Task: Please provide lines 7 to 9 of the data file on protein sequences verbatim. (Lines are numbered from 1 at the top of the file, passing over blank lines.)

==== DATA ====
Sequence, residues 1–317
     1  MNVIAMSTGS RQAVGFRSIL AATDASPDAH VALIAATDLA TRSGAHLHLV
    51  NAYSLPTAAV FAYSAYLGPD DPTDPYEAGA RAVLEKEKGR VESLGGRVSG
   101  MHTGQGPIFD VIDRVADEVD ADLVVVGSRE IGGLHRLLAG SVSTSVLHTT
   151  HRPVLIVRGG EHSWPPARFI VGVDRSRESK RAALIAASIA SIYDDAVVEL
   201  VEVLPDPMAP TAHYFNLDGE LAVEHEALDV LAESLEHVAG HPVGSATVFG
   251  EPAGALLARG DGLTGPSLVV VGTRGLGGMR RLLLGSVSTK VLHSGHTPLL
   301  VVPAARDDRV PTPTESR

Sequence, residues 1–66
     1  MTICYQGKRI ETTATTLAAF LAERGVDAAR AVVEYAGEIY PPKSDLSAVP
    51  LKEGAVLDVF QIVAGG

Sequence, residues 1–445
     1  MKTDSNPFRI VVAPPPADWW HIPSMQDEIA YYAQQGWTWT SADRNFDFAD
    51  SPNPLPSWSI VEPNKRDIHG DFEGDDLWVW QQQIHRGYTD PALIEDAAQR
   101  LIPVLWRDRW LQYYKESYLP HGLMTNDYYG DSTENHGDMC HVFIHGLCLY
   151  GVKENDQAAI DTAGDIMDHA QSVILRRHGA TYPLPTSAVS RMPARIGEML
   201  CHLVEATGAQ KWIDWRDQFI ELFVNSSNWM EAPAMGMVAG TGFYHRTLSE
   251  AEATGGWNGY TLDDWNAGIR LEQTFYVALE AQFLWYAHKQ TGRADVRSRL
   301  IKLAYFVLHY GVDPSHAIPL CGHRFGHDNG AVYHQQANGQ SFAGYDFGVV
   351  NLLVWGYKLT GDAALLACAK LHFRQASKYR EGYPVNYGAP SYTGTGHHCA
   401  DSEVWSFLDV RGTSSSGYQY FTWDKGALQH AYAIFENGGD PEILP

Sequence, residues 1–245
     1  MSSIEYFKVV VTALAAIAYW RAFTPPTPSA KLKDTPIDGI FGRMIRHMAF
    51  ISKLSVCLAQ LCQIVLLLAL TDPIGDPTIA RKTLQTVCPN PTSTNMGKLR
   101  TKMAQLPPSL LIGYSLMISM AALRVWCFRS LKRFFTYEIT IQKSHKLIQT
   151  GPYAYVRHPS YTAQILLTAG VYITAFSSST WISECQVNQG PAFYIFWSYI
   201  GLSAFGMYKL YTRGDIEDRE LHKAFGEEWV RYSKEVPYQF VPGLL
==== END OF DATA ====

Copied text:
   251  EPAGALLARG DGLTGPSLVV VGTRGLGGMR RLLLGSVSTK VLHSGHTPLL
   301  VVPAARDDRV PTPTESR

Sequence, residues 1–66